Americans don’t trust big government — but we love its big data

FILE - In this July 28, 2010, file photo, New York City Health Commissioner Thomas Farley post the health department's first "A" grade award for sanitary conditions on the window of Spark's Deli in Long Island City, N.Y. Fulfilling a campaign promise made by Mayor Bill de Blasio when he was running for office, the New York City letter-grade restaurant system has been revamped by the City Council with an eye toward easing the burden of fines on restaurant owners. The changes will maintain the grading system implemented by former Mayor Michael Bloomberg but are designed to add consistency to fines given out during inspections. (AP Photo/Bebeto Matthews, File)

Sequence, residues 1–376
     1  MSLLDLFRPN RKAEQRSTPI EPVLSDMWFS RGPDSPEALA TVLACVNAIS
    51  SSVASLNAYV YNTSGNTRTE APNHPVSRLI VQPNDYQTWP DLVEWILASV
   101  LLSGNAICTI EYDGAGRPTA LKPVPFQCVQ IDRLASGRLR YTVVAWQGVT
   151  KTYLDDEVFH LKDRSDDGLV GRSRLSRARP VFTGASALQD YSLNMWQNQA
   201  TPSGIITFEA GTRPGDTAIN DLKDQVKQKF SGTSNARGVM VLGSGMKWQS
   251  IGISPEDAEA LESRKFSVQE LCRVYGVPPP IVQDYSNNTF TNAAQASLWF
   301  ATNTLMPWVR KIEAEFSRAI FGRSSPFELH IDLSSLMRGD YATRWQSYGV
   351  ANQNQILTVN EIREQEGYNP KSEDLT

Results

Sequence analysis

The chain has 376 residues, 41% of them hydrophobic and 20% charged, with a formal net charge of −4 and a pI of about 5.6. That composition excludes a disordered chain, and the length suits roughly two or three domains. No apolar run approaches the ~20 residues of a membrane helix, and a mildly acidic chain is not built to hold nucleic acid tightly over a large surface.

Americans distrust big government — but we do love big data, a new Pew survey reports.

Sometimes we aren’t even aware that the data we’re accessing online comes from the government, like with weather or map apps.

Pew reported that 23 percent of Americans “trust the federal government to do the right thing at least most of the time.” That was up from 17 percent immediately after the recession began. It was 44 percent at the end of Ronald Reagan’s term in the White House.

Almost a third of Democrats said they trust the government. Just 15 percent of Republicans did.

But most of all respondents said restaurant and teacher ratings should be publicly shared online.

Here’s an interesting point: About half of the Americans polled said they don’t mind sharing their location with apps — unless they’re explicitly told the request is from the government.

Find more data and graphics from this study from the Pew Research Center.

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